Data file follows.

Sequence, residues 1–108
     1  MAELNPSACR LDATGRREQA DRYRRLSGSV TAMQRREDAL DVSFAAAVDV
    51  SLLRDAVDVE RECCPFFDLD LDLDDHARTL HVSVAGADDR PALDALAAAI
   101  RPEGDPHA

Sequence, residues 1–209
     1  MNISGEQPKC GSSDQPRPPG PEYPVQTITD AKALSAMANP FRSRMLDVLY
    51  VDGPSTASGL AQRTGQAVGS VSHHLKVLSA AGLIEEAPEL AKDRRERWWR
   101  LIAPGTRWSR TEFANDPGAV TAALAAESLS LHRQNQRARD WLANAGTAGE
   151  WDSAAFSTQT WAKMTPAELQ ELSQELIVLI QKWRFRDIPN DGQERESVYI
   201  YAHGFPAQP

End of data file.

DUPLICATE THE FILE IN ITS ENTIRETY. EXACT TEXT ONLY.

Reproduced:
Sequence, residues 1–108
     1  MAELNPSACR LDATGRREQA DRYRRLSGSV TAMQRREDAL DVSFAAAVDV
    51  SLLRDAVDVE RECCPFFDLD LDLDDHARTL HVSVAGADDR PALDALAAAI
   101  RPEGDPHA

Sequence, residues 1–209
     1  MNISGEQPKC GSSDQPRPPG PEYPVQTITD AKALSAMANP FRSRMLDVLY
    51  VDGPSTASGL AQRTGQAVGS VSHHLKVLSA AGLIEEAPEL AKDRRERWWR
   101  LIAPGTRWSR TEFANDPGAV TAALAAESLS LHRQNQRARD WLANAGTAGE
   151  WDSAAFSTQT WAKMTPAELQ ELSQELIVLI QKWRFRDIPN DGQERESVYI
   201  YAHGFPAQP